President Bush wants it both ways: He says the US had enough authority from past UN Security Council resolutions to launch a war in Iraq but, having failed to win one last resolution, the US can now limit the United Nation's involvement in postwar Iraq to just aid and some reconstruction.
Of course, what Mr. Bush really means is that he wants to keep France and Russia as far away from Iraq as possible and to prevent those two veto-wielding powers from using the UN for another purpose: reining in America's global influence and defining how it should deal with terrorist states.
So as talks muddle along over the UN's role, Bush is helped by a hard fact on the ground: The US military is in Baghdad, perhaps for two to three years. And unless GIs are besieged by suicide attacks, riots, and organized noncooperation by Iraqis, or Congress decides it can't bear the costs of shoring up Iraq, the US will take the lead in picking Iraqis who will establish a democratic government.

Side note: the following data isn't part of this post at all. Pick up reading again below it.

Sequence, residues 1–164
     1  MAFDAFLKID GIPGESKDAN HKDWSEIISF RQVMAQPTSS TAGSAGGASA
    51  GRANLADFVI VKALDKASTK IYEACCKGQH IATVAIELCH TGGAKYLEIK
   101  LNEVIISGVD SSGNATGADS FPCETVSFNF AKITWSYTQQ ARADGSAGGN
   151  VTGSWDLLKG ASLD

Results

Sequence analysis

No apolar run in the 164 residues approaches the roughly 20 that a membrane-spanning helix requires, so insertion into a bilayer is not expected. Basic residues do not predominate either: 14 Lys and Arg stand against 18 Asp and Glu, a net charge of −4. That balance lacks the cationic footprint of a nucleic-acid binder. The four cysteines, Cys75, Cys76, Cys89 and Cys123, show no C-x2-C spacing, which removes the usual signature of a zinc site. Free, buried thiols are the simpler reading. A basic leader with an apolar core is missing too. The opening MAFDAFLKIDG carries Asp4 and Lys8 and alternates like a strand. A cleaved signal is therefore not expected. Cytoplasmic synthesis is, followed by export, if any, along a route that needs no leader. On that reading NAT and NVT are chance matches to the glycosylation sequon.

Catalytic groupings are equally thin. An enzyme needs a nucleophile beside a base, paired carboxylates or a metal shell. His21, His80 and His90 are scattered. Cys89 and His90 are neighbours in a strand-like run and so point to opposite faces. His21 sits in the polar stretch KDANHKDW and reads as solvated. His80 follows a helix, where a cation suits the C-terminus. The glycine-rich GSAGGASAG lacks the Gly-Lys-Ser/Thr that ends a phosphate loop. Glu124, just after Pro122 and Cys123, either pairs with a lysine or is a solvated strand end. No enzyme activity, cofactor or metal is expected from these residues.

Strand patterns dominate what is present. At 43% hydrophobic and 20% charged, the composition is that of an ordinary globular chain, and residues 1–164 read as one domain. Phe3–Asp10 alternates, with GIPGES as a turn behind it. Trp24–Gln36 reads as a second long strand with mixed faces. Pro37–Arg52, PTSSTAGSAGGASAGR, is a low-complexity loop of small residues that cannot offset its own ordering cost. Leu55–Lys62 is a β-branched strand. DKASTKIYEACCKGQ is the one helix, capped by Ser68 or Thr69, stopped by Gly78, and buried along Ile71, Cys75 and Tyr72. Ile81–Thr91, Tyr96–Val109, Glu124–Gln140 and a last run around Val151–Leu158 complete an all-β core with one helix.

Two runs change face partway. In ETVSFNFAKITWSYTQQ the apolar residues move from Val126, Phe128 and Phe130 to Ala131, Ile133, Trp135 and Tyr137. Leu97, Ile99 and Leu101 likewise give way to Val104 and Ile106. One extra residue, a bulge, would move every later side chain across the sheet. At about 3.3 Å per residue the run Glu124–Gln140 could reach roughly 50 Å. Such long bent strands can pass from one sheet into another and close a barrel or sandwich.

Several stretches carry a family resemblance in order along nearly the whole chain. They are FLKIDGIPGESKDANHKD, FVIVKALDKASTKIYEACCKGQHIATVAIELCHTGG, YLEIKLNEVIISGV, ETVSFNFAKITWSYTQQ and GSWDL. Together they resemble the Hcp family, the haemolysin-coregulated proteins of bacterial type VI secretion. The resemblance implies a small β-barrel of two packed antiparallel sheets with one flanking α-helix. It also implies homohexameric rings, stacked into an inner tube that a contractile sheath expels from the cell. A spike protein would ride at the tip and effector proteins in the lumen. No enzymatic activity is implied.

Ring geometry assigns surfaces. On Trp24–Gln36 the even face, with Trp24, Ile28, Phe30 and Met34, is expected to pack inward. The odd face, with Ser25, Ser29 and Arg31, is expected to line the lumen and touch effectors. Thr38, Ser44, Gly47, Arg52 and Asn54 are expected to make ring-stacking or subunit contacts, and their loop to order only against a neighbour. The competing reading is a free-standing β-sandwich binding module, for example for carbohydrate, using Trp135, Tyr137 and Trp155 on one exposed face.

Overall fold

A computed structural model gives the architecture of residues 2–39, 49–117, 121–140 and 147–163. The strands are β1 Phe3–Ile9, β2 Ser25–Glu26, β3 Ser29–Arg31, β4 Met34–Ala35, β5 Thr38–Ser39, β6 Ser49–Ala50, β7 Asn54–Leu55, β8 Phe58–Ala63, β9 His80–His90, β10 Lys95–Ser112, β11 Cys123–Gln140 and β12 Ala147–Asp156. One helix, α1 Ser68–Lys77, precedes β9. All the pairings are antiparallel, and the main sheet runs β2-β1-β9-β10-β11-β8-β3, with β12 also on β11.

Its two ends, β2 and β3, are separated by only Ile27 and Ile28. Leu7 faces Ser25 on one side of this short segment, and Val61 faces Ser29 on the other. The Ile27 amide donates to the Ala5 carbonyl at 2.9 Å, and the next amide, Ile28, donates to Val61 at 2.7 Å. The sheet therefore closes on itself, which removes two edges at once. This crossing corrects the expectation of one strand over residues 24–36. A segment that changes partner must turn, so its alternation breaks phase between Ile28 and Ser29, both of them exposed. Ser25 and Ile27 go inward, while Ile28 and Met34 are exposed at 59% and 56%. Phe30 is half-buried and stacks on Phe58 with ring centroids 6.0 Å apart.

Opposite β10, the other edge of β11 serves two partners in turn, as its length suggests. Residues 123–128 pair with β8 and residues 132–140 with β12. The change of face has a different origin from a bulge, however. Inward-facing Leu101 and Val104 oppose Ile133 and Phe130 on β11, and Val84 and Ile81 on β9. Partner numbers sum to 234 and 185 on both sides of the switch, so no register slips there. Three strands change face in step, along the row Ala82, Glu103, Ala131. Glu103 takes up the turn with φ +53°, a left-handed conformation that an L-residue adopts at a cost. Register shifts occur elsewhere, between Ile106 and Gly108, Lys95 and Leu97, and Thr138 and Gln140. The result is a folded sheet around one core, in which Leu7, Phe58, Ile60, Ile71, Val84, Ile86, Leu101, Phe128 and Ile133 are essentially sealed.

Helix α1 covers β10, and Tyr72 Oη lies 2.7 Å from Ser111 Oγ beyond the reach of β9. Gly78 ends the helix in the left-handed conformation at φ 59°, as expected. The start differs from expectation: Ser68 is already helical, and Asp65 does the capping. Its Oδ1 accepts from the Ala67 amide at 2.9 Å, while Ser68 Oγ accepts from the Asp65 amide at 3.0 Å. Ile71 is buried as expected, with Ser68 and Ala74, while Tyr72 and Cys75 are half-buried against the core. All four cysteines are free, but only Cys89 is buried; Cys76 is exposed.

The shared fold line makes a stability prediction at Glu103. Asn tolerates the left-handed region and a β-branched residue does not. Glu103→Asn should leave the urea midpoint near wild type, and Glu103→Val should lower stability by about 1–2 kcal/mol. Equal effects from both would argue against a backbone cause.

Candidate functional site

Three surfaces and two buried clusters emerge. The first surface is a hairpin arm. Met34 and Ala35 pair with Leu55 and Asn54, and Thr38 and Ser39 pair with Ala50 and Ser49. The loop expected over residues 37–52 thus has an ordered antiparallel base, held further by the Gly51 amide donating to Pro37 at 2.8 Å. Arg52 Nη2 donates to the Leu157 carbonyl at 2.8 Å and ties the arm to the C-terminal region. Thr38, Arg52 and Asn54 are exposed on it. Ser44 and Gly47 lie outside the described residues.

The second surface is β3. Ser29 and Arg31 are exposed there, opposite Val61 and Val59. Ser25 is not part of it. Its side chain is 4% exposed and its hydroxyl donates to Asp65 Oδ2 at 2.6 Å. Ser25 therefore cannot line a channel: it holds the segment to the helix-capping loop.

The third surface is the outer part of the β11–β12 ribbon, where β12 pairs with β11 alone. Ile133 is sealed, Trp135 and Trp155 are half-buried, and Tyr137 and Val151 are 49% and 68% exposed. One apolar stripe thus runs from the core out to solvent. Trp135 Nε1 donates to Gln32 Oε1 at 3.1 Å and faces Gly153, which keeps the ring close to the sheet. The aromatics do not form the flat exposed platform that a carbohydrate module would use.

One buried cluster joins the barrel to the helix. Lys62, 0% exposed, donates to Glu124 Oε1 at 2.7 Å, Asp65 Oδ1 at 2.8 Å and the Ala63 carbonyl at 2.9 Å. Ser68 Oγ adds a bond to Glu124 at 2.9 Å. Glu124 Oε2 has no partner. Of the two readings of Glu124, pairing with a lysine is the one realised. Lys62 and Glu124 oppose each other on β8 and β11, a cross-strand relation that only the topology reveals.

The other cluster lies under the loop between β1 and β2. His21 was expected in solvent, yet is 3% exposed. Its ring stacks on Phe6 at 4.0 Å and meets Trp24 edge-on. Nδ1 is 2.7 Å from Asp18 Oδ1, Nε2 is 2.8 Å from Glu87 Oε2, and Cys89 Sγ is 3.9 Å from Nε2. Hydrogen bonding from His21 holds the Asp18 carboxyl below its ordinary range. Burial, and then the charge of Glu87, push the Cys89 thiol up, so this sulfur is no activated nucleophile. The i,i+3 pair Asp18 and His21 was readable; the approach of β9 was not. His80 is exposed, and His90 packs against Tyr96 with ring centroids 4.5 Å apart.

The immediate task isn't deciding the UN's role but quickly finding civilians in Iraq who are 1) largely untainted by the now-defunct regime; 2) democrats at heart; and 3) natural leaders acceptable to a broad range of Iraqis.
British officers have already started that process in Basra, holding a majlis, or conference, of tribal, community, and religious leaders who can choose representatives to form an interim Iraqi authority.
A big question is whether the UN Security Council will ever endorse such selections. At some point, however, it can't ignore these additional facts on the ground.